Terrorism by the numbers

By now you have probably seen or heard the breathless reports that incidents of terrorism were up worldwide in 2006. This is the MSM’s take-away on the State Department’s Country Report on Terrorism 2006. However, as Matthew Sheffield explains, the validity of this take-away depends on the meaning of worldwide. The numbers show a sharp increase in terrorist attacks in Iraq, where 2006 was a bad year indeed, and these attacks cause the total number of attacks and deaths to have increased world-wide. However, if one factors out the Middle East, which in the State Department’s report does not include Afghanistan, there is no increase. If one also factors out Afghanistan, there’s a decrease. Terrorist episodes are down in South Asia, Central and Latin America, and Europe (there’s been virtually none in North America for several years). The media is justified in presenting the aggregated picture, but not in pretending that progress has not been made in most of the world.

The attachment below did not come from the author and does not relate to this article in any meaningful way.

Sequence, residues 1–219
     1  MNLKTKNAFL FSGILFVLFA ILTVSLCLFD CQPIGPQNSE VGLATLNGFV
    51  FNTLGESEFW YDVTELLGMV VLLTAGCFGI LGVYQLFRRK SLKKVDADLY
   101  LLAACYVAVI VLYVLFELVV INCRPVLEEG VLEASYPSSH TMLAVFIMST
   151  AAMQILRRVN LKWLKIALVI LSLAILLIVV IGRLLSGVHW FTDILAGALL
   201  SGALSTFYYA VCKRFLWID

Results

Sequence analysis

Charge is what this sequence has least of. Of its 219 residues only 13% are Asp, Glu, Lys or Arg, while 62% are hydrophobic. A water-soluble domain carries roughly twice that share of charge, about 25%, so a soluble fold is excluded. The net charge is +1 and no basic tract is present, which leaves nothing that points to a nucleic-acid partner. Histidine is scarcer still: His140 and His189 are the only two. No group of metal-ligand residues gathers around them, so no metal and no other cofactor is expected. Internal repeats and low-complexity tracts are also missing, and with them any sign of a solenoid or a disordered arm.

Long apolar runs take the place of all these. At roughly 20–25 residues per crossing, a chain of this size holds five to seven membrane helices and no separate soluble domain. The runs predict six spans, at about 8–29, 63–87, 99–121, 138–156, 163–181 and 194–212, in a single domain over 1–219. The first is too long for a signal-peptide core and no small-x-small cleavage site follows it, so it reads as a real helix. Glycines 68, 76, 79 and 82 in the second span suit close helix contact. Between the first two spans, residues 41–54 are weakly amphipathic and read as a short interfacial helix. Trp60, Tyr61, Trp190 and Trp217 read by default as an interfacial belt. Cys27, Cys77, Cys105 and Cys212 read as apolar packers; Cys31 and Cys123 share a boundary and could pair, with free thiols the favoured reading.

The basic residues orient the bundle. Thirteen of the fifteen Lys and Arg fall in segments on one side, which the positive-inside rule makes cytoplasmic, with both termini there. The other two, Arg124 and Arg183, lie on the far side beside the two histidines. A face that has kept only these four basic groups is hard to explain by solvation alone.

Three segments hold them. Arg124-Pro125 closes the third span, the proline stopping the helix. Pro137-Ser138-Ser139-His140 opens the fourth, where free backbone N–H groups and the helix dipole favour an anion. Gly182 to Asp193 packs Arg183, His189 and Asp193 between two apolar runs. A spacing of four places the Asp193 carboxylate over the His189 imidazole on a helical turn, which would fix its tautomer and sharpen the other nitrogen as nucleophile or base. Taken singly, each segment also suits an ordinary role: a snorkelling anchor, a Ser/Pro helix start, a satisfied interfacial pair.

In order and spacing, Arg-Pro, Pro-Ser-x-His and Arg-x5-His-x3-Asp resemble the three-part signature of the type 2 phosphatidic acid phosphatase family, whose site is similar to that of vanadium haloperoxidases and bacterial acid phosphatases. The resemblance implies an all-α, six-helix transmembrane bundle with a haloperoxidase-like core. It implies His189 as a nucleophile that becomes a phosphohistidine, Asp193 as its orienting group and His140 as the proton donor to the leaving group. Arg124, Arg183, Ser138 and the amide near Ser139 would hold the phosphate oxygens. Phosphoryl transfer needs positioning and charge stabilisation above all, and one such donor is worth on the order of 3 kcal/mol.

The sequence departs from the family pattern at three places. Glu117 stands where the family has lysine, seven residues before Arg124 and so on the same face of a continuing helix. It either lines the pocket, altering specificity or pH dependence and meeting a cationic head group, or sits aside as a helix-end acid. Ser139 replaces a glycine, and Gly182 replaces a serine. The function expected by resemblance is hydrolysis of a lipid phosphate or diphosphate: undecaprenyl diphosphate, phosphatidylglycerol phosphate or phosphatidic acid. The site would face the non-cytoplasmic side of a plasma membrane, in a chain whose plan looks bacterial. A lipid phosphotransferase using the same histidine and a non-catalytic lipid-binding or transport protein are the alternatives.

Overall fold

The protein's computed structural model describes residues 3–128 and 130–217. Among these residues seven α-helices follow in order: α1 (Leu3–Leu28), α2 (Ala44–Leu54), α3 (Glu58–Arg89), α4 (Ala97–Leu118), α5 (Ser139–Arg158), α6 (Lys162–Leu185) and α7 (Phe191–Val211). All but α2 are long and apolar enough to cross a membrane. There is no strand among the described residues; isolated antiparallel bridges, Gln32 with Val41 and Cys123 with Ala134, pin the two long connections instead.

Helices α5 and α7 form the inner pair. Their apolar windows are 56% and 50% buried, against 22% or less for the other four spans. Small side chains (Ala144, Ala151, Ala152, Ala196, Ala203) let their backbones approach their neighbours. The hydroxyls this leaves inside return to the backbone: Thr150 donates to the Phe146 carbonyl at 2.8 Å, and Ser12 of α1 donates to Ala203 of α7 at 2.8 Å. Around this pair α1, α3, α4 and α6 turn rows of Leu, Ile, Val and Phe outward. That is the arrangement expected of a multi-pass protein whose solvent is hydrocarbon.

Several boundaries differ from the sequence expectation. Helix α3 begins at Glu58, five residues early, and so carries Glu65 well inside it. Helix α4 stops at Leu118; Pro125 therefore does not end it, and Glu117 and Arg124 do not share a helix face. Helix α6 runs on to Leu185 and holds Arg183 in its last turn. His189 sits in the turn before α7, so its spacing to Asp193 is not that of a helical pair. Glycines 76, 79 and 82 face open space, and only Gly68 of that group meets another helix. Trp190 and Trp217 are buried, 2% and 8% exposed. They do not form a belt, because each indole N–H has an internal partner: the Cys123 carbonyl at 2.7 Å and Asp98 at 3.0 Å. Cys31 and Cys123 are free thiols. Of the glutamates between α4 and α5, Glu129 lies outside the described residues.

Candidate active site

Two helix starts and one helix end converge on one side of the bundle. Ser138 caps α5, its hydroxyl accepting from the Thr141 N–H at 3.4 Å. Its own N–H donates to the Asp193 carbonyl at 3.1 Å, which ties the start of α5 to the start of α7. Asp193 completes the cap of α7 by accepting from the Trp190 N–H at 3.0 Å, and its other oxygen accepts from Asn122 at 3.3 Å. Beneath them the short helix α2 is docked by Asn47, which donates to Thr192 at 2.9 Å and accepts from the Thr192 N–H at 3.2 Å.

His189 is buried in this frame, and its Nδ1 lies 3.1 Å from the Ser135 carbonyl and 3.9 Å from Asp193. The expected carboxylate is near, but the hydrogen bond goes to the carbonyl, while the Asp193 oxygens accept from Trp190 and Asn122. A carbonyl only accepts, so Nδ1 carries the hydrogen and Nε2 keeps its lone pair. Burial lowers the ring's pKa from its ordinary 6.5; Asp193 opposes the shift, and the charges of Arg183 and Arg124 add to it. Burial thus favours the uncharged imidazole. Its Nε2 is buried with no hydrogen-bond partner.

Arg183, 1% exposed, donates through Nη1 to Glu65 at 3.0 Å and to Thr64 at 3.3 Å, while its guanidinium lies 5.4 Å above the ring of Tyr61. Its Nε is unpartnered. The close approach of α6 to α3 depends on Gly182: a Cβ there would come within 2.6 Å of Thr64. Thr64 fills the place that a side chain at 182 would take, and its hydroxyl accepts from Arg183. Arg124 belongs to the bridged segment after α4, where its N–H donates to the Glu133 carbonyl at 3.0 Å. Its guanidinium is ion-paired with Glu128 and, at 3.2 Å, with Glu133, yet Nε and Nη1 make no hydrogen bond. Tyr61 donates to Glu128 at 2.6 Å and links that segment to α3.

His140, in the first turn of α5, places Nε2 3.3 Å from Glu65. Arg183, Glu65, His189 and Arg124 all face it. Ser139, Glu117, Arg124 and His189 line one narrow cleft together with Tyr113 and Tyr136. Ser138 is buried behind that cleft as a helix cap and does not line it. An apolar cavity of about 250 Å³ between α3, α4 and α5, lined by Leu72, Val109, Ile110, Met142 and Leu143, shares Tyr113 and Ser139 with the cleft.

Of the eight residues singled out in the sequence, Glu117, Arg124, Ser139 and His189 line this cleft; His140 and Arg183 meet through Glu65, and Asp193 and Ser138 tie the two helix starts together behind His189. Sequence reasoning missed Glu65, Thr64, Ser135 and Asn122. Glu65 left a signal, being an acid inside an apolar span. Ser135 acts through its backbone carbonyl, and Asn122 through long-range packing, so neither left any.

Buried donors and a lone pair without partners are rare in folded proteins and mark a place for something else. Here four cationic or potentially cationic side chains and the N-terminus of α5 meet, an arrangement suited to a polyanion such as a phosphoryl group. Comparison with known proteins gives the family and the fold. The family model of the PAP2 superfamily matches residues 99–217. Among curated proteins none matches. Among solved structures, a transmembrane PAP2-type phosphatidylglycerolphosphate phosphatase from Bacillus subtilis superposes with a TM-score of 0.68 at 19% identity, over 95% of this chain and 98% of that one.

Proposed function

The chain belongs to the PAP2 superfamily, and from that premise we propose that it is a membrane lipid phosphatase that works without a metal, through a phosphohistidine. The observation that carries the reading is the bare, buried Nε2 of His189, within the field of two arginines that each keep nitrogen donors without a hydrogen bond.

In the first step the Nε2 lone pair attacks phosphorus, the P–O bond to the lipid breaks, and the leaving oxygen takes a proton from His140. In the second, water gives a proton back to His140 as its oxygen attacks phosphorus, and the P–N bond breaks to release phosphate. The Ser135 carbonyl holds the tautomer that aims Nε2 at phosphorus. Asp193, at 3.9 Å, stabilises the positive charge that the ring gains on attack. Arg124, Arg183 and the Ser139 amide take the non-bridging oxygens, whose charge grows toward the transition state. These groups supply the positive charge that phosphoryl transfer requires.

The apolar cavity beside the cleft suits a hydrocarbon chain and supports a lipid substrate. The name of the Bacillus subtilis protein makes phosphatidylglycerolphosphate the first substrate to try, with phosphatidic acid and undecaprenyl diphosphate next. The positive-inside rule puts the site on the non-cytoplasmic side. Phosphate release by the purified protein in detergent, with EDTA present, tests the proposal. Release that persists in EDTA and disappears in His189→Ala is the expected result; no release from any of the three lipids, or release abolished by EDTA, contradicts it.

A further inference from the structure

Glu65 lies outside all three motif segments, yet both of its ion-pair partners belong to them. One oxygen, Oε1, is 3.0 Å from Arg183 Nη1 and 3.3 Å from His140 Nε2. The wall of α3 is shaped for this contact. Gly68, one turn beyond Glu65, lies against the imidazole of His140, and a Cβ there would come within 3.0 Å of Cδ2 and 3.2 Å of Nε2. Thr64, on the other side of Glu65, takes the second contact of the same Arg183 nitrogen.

To the extent that the State Department numbers militate in favor of a particular course of action for 2007, that course is to continue prosecuting the Bush administration’s overall strategy against global terrorism, but to develop new ways to take on the terrorists in Iraq. This is what the administration has decided to do.
JOHN adds: The numbers are also consistent with the fact that al Qaeda has proclaimed Iraq the central front in its war against civilization. It is reasonable to surmise that this focus has contributed to the decline in terrorist incidents in other parts of the world. Likewise, if al Qaeda were no longer tied down in Iraq, it is reasonable to expect that terrorism in other parts of the world would increase.
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